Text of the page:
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Elections Board: Tracie Hunter Can't Be On The Ballot

Suspended judge Tracie Hunter protests the board of elections' decision to bar her from the ballot.
Suspended judge Tracie Hunter protests the board of elections' decision to bar her from the ballot.
Suspended judge Tracie Hunter protests the board of elections' decision to bar her from the ballot.
Credit Howard Wilkinson
Suspended judge Tracie Hunter protests the board of elections' decision to bar her from the ballot.

Suspended juvenile court judge Tracie Hunter won’t be on the March 15 primary ballot as a Democratic candidate for judge. 

The Hamilton County Board of Elections – two Democrats and two Republicans – voted unanimously Monday morning to bar Hunter from running for the juvenile court seat from which she was suspended. 

“The Ohio Supreme Court has said she’s not qualified at this point to serve as an attorney; and if you can’t be an attorney, you can’t be a candidate for judge,’’ said elections board chairman Tim Burke, who is also Hamilton County Democratic Party chairman.

Hunter was at Monday morning’s board meeting, along with a number of her supporters. After the vote, she told elections board members they could expect her to file a lawsuit challenging their decision.

“I will continue to stand for the right thing because the fact is I did nothing wrong,’’ Hunter told the board. “Expect a lawsuit.”

Hunter was suspended as a judge in Oct. 2014 after she was convicted on one felony count of unlawful interest in a public contract. She was sentenced to six months in prison, but that was stayed by the Ohio Supreme Court pending appeal of her conviction.

Next month, she goes on trial on eight felony counts that the jury in 2014 could not come to a decision on.

The Hamilton County prosecutor’s office, which hired special counsel to try Hunter, told the board it did not want to issue an opinion on whether or not she could be on the ballot.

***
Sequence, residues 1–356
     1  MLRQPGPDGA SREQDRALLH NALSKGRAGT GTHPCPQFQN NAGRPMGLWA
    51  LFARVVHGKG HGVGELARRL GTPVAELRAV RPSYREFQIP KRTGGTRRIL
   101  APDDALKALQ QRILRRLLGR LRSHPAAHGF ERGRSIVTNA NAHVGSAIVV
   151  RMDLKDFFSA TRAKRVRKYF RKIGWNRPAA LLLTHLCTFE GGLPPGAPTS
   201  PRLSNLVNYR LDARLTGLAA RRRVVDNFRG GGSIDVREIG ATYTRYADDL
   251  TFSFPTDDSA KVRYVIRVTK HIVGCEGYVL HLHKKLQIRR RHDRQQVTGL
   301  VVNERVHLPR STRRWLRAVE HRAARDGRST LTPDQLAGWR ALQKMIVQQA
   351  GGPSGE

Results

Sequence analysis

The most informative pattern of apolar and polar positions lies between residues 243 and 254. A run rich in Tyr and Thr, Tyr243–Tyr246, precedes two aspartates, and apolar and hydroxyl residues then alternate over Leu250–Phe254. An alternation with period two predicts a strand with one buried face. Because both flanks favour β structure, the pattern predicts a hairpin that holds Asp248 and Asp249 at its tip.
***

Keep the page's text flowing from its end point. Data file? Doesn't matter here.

So they hired lawyer Mark Mentel of Columbus as special counsel. Mentel is a Democrat and a former Columbus city council president, now running for county commissioner.

In a six-page opinion delivered to the board of elections, Mentel said the Ohio Supreme Court suspended Hunter indefinitely.

“As a result of Ms. Hunter’s indefinite suspension from the practice of law, Ms. Hunter is presumed to be unqualified at the time of the commencement of the (juvenile court) term,’’ Mentel wrote.

“If the (board of elections) refuses to certify Ms. Hunter to the ballot, then Ms. Hunter could request judicial review to determine her eligibility,” Mentel wrote. 

In an interview withWVXU, Hunter said she believes she has every right to run because she would be, in effect, running for re-election to a judgeship she already holds.

“Legally, I still hold the title of judge of the Hamilton County Juvenile Court,’’ Hunter said. “This is why there has not been an appointment, although I have been suspended.

 

Burke said that, as a convicted felon, Hunter is not eligible to be a candidate, even though that conviction is under appeal.

“Personally, I hope that appeal is successful,’’ Burke said. “I don’t know that though.”

The Democratic Party has already endorsed another lawyer, Darrell Payne, to be its candidate for the juvenile court judgeship. The Hamilton County Republican Party has endorsed Municipal Court Judge Melissa Powers for the seat. 

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